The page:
I cannot avoid comparing and contrasting the changes in the immigrant experience over the last 100 years. This book is set in 1919/20, I become an immigrant 75 years later under very different circumstances and for different reasons. There certainly were no pogroms forcing me to leave Hungary in the 1990s. And I wasn’t leaving because of war either, unlike so many Ukrainians in Europe and millions of other people around the world right now. Also, my physical journey was as simple as boarding a plane and arriving the same day on a new continent. Yet, moving to a new country means essentially the same today as it did a century ago: an ongoing series of dis- and re-connections. Even if the flow of information, people, and goods is unimaginably faster now.
My mother believes that there is something unnatural about traveling faster than a train or car: part of our soul (for lack of a better word) needs to catch up with our body and it may take a few days to do so. No, we are not talking about jet lag, more about the location of our living consciousness. As if dragging our reluctant spirit to a new place would require force and time. Lev/Leo’s soul of the book certainly had time to catch up and his mind and heart to process the changes and choices around him. This is the essence of growing up: giving ourselves the time to reflect on where we are going, where we came from, and why. Petrovsky did an admirable job of drawing a developing character, with a core that remained true to itself.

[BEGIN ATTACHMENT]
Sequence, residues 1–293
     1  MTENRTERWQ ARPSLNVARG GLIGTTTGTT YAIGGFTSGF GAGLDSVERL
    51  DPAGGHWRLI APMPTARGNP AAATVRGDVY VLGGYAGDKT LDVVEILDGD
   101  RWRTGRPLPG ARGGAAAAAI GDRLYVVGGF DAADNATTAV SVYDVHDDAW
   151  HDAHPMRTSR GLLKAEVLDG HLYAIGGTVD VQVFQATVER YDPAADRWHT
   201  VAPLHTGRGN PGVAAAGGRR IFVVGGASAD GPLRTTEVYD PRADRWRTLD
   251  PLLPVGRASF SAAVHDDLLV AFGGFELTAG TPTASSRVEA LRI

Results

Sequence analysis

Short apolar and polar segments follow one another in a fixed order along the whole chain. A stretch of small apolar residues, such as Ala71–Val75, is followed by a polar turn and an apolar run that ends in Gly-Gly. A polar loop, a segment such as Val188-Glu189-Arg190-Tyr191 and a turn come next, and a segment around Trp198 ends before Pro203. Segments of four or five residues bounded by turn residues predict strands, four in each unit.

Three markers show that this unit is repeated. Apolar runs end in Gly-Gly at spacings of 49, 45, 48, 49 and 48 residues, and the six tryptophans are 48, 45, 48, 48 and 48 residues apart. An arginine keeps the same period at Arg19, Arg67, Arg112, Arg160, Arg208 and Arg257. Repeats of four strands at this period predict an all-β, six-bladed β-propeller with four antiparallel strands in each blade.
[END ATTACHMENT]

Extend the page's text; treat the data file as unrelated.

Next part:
It is a universal, yet Jewish book. By the time the protagonist settles (at the end of the book), he shed all of his Jewish practices, and as far as I can tell his Jewish beliefs too, with one and a half exceptions. He starts off in a typical Jewish household but at the first major turn of events, he has to get rid of his kippah, the visible symbol of his origins. This act itself is dictated by Jewish beliefs, which state that (almost) any religious law and custom can be broken to save a life. For him, not displaying his background is lifesaving. It was just a first step toward abandoning. He knows that practicing the minutiae of his parents’ faith would not serve his life, so he does not. The one major tenet he keeps is the universal part: belief in God. He never waivers and always answers the question with an unhesitant “yes” no matter what. The “half” exception I referred to is the humanist side of religion: he believes in his fellow men (and women.) These underlying main values guide his life and decisions. The rest is commentary.
The book’s language is poetic and often biblically so. Let me share some of my favorite sentences. I love these, not just because they are aligned with my value system, they speak my truths too in a way I could not articulate, but also for their eloquent beauty.
- If it is true that a drop of love can bring a sea of tears, then I am certain we all will drown. (p47)
- Your father believes that anger is fear in disguise, and that it is best confronted with faith (p73)